New- Star Chart For Cayman

A new feature as of June 2015 has been added - look at the bottom of this web page and there is a new Star Chart exclusively for Grand Cayman

Sunday, 26th February, 7.00 p.m. at Pedro Castle

At viewing time, Venus (pictured above), will be close to Jupiter and the crescent Moon, a brilliant conjunction in our early evening sky.
In the 1940's and 50's, the popular image of the surface of the planet was very different to the harsh reality of the image above.

Venus is high and bright in our evening sky, and on the
afternoon of June 5th, will give us, quite literally, the chance of
a lifetime, the opportunity to observe the last transit of the planet across
the face of the Sun for 105 years.

The society is
planning to observe this event, hopefully with a solar telescope, the purchase
of which we are fund raising for at the moment. Any donations welcome. We are
planning a BBQ two days after the March meeting. The meeting is scheduled for
Thursday 22nd March, and the BBQ on Saturday 24th at
Georgetown Villas on 7 mile beach. Details and ticket purchase availability
will be sent later.

Venus rises
especially high and bright in the evening sky every 8 years, this year
included. For every 8 orbits Earth completes around the Sun, Venus completes

Late in March,
Venus reaches its greatest elongation, the farthest distance it will be
from the Sun in the sky as seen from Earth. This year the angular distance will
be 46°, or about four-and-a-half fist widths.
The planets orbit the Sun in roughly
the same plane, which means that, if you were to look at the solar system from
the side, the planets’ paths aren’t tilted much compared to each other. Every
year around this time the line drawn in the Northern Hemisphere’s evening sky
by Earth’s orbital plane, called the ecliptic, makes its widest angle with the
horizon, tracing a curve high on the sky. And since the ecliptic is basically
what Venus follows, too, it'll be moving up and down the sky the same way. So,
not only is Venus at its largest angular distance from the Sun, that separation
points nearly straight up.

Venus (named
after the Goddess of Love) is the planet second closest to the Sun, and the
hottest planet in the Solar System. From looking at most of the facts, Venus
initially appears to be very similar to Earth. The reality is, however, very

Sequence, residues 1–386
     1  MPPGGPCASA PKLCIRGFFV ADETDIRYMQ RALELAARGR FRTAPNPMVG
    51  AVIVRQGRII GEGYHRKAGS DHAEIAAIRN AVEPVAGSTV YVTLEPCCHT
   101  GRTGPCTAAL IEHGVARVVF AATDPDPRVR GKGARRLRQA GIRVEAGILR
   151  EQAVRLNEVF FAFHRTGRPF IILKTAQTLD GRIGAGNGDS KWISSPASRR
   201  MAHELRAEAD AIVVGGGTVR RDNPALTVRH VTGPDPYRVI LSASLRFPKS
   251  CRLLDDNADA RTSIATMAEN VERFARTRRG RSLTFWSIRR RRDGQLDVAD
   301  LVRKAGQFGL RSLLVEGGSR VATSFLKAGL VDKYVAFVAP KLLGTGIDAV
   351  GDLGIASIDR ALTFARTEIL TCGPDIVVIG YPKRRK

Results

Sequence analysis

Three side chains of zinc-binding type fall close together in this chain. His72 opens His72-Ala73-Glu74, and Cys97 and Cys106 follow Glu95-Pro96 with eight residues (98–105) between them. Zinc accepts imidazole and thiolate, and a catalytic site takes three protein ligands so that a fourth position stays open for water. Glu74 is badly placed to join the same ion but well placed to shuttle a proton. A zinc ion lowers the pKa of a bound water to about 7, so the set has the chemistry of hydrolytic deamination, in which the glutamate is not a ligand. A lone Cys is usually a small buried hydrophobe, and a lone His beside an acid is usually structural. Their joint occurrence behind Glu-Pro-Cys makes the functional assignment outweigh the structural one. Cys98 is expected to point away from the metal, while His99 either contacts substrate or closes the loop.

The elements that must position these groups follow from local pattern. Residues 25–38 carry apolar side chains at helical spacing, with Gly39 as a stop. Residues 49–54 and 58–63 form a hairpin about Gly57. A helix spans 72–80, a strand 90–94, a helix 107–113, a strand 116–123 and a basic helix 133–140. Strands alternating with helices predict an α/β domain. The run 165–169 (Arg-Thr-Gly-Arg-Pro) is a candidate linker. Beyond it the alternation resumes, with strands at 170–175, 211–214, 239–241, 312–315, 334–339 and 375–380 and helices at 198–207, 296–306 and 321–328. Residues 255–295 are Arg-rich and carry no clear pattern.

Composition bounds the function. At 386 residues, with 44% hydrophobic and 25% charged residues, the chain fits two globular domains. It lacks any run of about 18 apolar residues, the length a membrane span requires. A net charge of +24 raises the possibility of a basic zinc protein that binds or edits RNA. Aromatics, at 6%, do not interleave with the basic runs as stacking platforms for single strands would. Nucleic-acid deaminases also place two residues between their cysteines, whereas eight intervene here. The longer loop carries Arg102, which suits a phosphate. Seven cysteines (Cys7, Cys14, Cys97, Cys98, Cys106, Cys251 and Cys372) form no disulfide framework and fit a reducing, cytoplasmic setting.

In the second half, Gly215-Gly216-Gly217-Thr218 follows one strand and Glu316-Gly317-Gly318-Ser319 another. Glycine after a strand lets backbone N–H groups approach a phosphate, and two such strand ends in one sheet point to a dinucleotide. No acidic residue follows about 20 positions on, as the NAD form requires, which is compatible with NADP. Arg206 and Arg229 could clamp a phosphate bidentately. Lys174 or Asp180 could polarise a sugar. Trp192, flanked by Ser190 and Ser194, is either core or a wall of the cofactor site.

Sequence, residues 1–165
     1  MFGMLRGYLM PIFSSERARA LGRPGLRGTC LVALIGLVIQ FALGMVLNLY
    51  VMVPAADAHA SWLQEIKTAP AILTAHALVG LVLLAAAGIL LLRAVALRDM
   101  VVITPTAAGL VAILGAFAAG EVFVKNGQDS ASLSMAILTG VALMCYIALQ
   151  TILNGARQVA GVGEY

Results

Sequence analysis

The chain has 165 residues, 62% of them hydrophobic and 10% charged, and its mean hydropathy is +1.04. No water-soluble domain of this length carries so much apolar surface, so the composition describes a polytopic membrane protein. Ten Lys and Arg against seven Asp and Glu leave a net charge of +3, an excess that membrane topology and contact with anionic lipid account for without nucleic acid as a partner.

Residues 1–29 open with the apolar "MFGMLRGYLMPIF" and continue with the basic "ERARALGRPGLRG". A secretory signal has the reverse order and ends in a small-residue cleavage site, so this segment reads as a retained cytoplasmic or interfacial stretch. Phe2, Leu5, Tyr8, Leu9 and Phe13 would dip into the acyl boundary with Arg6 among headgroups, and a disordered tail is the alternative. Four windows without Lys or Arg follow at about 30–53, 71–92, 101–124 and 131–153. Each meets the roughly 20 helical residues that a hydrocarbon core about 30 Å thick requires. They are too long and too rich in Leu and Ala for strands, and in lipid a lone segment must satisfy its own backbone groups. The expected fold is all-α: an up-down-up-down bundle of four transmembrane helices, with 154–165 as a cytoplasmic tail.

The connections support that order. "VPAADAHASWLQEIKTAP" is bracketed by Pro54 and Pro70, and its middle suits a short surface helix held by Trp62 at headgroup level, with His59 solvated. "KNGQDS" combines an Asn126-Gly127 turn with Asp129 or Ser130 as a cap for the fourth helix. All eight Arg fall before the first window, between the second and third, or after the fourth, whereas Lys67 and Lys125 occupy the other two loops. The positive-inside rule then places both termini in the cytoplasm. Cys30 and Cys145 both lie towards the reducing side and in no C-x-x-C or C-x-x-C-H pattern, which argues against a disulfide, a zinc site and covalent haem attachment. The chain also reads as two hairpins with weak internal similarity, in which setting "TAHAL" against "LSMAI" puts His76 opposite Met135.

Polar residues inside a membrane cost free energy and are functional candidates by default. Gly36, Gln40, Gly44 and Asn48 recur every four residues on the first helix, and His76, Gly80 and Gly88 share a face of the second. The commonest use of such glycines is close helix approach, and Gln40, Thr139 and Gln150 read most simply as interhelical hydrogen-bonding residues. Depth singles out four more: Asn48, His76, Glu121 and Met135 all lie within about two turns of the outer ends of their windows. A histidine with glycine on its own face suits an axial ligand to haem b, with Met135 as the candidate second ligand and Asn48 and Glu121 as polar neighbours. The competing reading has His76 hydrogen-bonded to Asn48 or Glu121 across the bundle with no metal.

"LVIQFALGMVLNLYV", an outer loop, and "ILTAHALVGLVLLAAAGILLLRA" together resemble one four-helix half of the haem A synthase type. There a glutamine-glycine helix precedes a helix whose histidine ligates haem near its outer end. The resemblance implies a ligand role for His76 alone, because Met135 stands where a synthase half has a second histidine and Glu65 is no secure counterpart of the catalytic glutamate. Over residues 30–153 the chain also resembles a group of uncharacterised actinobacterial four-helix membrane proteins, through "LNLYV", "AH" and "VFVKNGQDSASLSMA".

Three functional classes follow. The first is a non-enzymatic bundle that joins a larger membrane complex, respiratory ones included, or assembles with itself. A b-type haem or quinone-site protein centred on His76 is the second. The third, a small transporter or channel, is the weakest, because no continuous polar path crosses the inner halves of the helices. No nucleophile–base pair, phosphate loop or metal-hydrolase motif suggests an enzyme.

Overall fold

different. It might be just 652 km thinner, have similar composition, mass and
position, but for a start, Venus' surface temperature is a scorching 484°C,
secondly it is thought to be completely lifeless, and thirdly its surface
pressure is akin to that of an ocean bed (92 times that of Earth at sea level)
- a pressure high enough to pulverize and crush Venus' surface rocks.

All of these major
features stem from one key difference to the Earth - Venus has no water. This
explain Venus' very dense (mainly Carbon Dioxide) atmosphere - here on Earth
the water of the oceans removes CO2 from our atmosphere and keeps
our planet in a state such that we can live on it (in fact the same quantity of
Carbon Dioxide has come out of the Earth's interior as is in Venus'
atmosphere!). In Venus however there is no water to absorb the CO2
and so the atmosphere thickens and produces a runaway greenhouse effect, so the
rays (and heat) of the Sun shine onto the planet and are then trapped there by
the dense atmosphere. In fact, it is very likely that at one point Venus did
have water on it, but because Venus is about 50 million km closer to the Sun
than the Earth is (two thirds of the way between the Sun and Earth) any
remnants of this water have long since evaporated.

Venus' thick
atmosphere makes it very hard for us to see the actual surface of the planet.
The first ideas of what the planet may look like came in the 1960s when we were
able to see through the clouds, albeit in quite a primitive fashion, with radar
imaging from ground-based telescopes. However, global scale radar mapping of Venus'
surface did not start until the Pioneer space probe arrived at Venus in
1978-80, and mapped many of its basic surface features. These were followed by
the Soviet Veneras 15 and 16 but it wasn't really until the Magellan Orbiter
arrived in 1992 that we really got a good idea of what Venus was like.

When the data from
the Magellan mission did come through though, it surprised many scientists, as
there were only a tenth the amount of craters that would be expected had Venus
been as old as we thought it was, and the ones which were there were all found
to be relatively fresh. There are now two theories for this - one is that
volcanic eruptions destroy craters as fast as they are made so there will
always be a constant number of craters on Venus, and the other is that 500
million years or so ago, volcanic eruptions resurfaced the planet, destroying
all previous craters. Another thing these space probes found was that at least
85% of Venus is covered by volcanic rock. These are mostly from lava flows and
form the planet's vast plains.

Venus is
unmistakable in the evening sky, so look up and enjoy.